Déjà-vu All Over Again in Rochester?

It was over 30 years ago when I started attending Rochester City Council meetings to try to figure out why the city’s zoning ordinance didn’t hold up in court. Single family properties were being “spot zoned” on main roads.

I remember City Council Member Sam Howlett telling me that they didn’t want to rezone these properties,but when they didn’t, they were sued and lost.  That just didn’t seem right to me, so I started reading anything I could find on zoning, including court cases.

Aha!  I found the answer!  A community needed a Master Plan to support its zoning ordinance.  I went back to City Hall and asked if I could see the city’s Master Plan.  After a few blank looks, a 15-year-old document was produced.  It was a joint planning study by the City of Rochester and Avon Township (now Rochester Hills). I knew that Avon Township had produced a Master Plan since the old study had been generated, but obviously Rochester was running on empty.

The City of Rochester had no Master Plan and was using the zoning process in place of a planning process. That method just doesn’t work.  The courts need to see a current Master Plan that supports the city’s zoning ordinance.  The process is:  plan first and then zone according to the plan.

Fast forward over 30 years – as Yogi Berra said, “It’s like déjà-vu all over again.”

Rochester has not kept its Master Plan updated.  According to the city’s website, the last large scale planning process took place in 1999 with a plan being adopted by the Planning Commission in 2000.  Master Plans need to be updated or reaffirmed every five years to remain current.  The last Master Plan activity that took place was an amendment in 2005 for the DDA district.

So, here’s what’s going on. The Waltonwood assisted living owners on North Main want to add a nursing home to their facility on the adjoining property.  This property is now zoned Multiple with the exception of a home on North Lane which would need to be rezoned.  This is the type of 24/7 operation that is permitted on five acres as a Special Land Use in a district zoned Multiple.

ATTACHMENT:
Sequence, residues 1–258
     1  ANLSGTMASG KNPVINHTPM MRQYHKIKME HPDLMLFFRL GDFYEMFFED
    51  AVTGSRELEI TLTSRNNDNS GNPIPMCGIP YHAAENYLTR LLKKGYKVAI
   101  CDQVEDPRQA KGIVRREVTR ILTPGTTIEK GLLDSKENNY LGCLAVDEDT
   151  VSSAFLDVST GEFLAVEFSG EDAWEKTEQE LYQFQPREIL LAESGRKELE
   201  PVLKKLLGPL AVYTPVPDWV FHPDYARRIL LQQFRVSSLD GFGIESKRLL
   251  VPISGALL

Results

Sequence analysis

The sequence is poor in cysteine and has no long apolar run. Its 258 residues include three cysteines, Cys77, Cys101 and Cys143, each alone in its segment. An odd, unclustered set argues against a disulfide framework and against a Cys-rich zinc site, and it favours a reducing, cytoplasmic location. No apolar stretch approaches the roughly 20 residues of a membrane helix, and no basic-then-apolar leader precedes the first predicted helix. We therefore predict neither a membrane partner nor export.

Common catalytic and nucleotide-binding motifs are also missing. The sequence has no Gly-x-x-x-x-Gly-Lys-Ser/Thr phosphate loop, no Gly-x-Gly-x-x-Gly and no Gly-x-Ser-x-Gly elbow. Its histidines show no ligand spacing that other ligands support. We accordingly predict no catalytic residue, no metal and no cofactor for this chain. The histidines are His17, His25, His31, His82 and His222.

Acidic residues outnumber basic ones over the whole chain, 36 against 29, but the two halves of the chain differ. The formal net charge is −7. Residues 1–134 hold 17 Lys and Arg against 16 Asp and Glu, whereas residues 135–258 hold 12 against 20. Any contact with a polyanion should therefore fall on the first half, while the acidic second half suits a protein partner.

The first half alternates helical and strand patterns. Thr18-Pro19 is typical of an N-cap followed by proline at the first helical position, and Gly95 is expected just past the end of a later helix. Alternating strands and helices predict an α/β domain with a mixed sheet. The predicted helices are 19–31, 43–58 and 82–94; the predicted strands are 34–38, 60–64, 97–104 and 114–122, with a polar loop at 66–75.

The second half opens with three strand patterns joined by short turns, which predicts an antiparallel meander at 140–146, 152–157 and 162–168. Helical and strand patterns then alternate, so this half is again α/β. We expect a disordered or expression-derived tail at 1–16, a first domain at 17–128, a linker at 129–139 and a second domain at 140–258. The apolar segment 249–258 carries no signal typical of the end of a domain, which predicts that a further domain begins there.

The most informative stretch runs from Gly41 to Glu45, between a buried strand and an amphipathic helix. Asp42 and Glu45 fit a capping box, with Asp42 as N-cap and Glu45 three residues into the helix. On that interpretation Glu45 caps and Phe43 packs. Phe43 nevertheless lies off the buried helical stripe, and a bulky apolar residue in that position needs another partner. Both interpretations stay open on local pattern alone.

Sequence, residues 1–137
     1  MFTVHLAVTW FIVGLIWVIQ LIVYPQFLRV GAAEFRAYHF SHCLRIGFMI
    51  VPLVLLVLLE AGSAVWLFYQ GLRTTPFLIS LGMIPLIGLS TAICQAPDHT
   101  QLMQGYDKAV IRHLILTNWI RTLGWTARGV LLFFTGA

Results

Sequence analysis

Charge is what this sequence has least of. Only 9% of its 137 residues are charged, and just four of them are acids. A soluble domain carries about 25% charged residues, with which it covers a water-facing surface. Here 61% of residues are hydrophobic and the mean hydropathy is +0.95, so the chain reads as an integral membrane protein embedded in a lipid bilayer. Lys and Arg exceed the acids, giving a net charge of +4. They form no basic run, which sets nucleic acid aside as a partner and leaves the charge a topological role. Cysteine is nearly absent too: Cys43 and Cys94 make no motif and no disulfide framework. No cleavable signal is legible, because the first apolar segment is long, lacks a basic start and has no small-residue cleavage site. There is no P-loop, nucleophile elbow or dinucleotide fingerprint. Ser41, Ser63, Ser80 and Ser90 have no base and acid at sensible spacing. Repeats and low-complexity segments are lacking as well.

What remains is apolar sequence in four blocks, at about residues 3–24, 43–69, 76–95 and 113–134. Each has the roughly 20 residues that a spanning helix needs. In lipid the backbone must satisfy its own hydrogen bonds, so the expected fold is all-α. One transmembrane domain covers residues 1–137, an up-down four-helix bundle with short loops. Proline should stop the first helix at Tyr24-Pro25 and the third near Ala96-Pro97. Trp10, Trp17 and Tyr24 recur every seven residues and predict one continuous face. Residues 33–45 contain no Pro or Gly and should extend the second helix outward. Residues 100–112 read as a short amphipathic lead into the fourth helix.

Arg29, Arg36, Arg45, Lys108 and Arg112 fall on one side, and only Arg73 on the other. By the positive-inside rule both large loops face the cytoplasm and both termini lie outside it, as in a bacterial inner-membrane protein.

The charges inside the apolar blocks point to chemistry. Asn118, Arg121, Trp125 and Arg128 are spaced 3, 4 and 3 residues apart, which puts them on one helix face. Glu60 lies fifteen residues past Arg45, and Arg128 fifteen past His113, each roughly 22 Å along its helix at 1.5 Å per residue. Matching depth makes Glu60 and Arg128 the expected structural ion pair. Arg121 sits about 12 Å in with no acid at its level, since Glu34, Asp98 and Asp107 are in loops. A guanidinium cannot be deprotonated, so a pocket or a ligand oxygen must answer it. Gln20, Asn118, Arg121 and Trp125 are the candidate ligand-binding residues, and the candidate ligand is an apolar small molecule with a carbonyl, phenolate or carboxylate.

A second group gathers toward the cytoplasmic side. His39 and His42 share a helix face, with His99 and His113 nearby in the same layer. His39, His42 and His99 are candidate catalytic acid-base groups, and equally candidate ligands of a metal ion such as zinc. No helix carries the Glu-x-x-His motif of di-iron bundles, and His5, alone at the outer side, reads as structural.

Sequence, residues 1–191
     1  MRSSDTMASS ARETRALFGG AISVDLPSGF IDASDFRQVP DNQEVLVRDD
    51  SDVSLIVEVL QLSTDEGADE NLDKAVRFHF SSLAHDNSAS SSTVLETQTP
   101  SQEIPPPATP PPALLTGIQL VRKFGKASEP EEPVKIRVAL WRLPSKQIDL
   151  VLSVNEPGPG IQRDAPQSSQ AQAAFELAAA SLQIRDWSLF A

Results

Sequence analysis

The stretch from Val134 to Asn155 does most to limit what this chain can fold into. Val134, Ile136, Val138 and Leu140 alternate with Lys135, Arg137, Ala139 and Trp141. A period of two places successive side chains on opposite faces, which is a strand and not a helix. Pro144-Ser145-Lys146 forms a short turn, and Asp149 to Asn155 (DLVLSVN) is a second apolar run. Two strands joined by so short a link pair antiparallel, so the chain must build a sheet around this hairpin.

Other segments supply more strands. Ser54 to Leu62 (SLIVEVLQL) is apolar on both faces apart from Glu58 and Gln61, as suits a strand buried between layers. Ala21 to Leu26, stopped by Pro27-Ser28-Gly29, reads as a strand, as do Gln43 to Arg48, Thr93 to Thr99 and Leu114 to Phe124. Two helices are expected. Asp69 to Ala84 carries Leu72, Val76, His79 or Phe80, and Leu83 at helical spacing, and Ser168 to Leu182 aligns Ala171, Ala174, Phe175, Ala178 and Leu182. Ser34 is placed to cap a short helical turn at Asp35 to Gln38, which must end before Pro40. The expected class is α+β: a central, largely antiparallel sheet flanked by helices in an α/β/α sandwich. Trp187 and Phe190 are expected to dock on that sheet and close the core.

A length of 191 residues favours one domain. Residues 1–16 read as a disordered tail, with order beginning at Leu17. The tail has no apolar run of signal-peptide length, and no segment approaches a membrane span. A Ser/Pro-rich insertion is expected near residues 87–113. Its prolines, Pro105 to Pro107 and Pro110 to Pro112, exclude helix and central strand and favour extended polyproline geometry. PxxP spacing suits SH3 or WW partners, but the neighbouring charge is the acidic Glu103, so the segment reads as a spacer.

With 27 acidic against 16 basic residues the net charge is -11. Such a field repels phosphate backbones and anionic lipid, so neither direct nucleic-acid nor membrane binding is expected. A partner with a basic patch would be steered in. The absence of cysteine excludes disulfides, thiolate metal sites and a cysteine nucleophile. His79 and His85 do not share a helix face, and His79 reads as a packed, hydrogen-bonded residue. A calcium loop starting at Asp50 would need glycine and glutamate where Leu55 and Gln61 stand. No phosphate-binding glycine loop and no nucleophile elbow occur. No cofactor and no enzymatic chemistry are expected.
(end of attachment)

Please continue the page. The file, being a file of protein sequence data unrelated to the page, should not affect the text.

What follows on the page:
The Rochester-Avon Historical Society, an independent non-profit organization, brought forth the following issue:  the front part of one of the multiple buildings is a historical home.  The Planning Commission encouraged negotiations with the developer which resulted in the project being redesigned and pushed back on the roughly 2.5 acre site.  Then, to accommodate parking, property owned by the Congregational Church which was zoned residential on the east side of Pine Street was added to the project.

With the new design, the house is somewhat being saved as an integral part of the facility with parking being pushed behind a block of homes on Glendale (the Congregational Church property). The five acre requirement is being ignored, with the total site being only about three acres.  No one in authority seems to be concerned or worried about the homes on Glendale.

To put it mildly, I am disappointed that the City Council and Planning Commission have not maintained our Master Plan.  To add insult to injury, they have also failed to include the residents directly affected by this in their discussions with the developer. Let’s hope that the Planning Commission considers the impact on the neighboring residents that would be caused by three shifts of workers and emergency vehicles coming and going at all hours of the day and night.  If not, it will be “déjà-vu all over again” in Rochester.

Rochester officials, please give us an updated Master Plan before you rezone anything!

Sue Ann Douglas

Oakland County Commissioner